“The issue of conversion is kind of taking away one part of who I am, basically. I feel comfortable in my faith, and I feel comfortable sharing a different faith than my child,” Bryant said.

The 16-session course runs over the length of the school year and helps mothers learn everything from how to celebrate Shabbat to answer their children’s questions about Judaism.

“These are women we feel we owe a big thank-you to that they have committed themselves to raising Jewish children in a household with a Jewish partner,” said Tamara Lawson Schuster, Genesis program coordinator. “It’s been across the board. We’ve had women come in who’ve already experienced a child’s Bar Mitzvah or women who have 2-month-olds.”

A big difference for many of the women, Schuster said, is that many Jewish rituals and practices, such as Shabbat, are done in the home.

“Some have Jewish in-laws who are very involved; some are coming to this without a lot of support,” Schuster said.

The program includes practicing rituals like a Shabbat dinner or Havdalah together with all of their families. Participants can also go to panel discussions and ask questions of people who have been in the same situation and completed the course already.

“For me, it was more supportive and about meeting other people who were like me,” Bryant said. “I have learned a lot, but I was kind of one of those people who studied a lot before I did something, and this complimented that.”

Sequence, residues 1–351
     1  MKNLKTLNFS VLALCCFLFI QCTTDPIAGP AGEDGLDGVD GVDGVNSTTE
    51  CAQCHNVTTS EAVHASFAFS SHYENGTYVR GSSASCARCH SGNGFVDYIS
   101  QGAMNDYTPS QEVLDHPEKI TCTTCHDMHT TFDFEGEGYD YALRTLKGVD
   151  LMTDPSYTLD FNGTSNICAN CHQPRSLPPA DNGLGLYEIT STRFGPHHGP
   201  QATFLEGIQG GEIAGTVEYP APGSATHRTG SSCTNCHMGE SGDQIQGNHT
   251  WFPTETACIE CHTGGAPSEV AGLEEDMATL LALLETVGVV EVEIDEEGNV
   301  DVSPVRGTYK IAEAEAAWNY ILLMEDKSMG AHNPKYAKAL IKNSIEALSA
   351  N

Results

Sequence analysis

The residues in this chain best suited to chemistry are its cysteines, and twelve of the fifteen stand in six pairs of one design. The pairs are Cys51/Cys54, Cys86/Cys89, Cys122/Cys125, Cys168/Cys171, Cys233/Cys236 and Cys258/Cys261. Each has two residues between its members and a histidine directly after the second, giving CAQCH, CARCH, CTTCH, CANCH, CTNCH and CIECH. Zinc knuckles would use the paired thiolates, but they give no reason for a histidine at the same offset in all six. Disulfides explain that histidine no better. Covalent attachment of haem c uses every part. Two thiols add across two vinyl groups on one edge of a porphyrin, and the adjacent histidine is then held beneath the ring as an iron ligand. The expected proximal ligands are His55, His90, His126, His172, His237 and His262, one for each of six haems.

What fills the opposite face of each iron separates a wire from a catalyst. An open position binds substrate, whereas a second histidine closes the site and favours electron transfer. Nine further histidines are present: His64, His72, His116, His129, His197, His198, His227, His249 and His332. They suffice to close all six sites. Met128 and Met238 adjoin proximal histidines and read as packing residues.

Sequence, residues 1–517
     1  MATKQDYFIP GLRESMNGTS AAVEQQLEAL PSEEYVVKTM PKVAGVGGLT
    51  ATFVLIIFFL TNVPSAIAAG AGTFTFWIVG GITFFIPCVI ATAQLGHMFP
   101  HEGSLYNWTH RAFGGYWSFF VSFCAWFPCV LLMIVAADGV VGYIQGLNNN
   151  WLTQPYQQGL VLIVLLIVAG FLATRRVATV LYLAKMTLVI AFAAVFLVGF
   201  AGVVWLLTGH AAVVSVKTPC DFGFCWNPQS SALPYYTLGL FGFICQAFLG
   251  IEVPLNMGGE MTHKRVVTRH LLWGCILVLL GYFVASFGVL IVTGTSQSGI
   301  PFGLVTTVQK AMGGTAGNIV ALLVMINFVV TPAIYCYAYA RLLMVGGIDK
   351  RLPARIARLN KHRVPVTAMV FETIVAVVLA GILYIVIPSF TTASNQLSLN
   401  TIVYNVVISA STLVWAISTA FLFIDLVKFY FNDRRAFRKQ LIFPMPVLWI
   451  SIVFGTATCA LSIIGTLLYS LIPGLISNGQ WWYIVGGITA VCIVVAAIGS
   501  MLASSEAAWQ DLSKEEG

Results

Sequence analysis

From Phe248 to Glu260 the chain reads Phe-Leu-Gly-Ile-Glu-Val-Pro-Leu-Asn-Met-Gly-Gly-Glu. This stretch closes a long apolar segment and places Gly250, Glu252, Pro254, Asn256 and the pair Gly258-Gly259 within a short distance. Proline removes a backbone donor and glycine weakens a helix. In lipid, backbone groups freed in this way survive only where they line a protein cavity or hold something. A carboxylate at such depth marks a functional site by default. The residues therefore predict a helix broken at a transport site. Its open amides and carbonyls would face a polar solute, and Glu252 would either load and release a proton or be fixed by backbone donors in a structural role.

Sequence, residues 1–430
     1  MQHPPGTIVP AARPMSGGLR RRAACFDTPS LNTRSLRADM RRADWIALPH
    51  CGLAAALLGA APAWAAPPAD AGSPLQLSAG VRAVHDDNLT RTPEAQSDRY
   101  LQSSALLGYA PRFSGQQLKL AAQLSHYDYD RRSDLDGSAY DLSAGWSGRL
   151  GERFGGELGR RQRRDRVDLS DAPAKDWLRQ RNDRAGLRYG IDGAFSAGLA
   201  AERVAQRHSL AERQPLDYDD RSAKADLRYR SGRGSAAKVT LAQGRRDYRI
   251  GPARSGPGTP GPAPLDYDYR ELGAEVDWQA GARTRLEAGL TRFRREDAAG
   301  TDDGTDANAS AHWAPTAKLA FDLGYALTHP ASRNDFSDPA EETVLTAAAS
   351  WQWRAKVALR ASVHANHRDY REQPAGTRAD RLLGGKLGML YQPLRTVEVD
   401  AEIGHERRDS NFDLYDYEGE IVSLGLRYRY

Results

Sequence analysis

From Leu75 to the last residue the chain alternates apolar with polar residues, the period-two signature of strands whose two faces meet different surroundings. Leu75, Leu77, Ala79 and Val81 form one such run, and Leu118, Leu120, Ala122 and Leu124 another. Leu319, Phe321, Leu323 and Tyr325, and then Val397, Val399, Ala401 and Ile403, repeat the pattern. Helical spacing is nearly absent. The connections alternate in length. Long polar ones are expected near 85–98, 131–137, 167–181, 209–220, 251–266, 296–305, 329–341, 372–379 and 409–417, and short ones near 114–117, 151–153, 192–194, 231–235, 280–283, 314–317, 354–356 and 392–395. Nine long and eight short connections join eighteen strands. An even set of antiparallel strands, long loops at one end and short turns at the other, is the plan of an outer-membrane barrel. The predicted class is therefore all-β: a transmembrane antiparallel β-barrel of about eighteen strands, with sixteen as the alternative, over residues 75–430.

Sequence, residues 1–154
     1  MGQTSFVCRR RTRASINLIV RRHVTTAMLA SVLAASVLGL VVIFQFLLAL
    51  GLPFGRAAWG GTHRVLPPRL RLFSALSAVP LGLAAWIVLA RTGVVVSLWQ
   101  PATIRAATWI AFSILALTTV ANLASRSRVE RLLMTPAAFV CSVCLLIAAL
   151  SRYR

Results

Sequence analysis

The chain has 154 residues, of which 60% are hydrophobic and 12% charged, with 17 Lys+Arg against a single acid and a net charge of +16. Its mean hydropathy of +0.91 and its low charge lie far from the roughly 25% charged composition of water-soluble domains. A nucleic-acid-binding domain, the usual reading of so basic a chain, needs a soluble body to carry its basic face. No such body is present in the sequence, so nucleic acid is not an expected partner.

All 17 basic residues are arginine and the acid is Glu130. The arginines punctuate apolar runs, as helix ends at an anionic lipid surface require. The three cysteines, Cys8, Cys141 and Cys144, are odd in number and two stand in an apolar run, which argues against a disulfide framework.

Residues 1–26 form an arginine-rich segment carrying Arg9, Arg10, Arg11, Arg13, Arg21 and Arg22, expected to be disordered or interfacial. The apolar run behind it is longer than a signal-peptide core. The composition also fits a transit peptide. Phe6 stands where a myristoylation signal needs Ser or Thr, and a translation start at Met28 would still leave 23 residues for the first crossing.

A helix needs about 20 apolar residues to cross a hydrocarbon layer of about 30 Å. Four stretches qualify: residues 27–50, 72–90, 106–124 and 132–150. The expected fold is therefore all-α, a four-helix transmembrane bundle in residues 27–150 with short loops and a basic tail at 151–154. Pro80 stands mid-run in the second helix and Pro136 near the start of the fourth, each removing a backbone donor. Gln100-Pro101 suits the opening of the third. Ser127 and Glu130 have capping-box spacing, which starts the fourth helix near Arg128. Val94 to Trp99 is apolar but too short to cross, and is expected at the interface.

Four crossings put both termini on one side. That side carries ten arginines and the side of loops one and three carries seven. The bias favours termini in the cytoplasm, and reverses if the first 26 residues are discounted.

Why just the mothers? Although the ratio of Jewish men marrying non-Jewish women to that of Jewish women marrying non-Jewish men is about the same, Schuster said, “we still find, even in today’s society, that the moms typically hold the job in the family of the religious upbringing.”

Interpersonal issues

Tivol and Rabbi Amy Wallk Katz, who then headed the local adult-learning program, founded the Genesis program together. Tivol designed its curriculum. About 1,500 people have participated in Genesis events and courses in the program’s nine-year history. 

“We provide tools and an opportunity to work through the interpersonal issues that they face in an interfaith marriage,” Tivol said.

Groups of about five couples each meet weekly during the school year.

“The biggest, most urgent question is how to decide the religious identity of the children. But you might also have in a group people who are engaged and people who are dating who want to know everything as general as ‘Should we get married?’ to ‘How do we find someone who will marry us? How do we bring two different families together? How do we find our place in the Jewish community?’ ” Tivol said.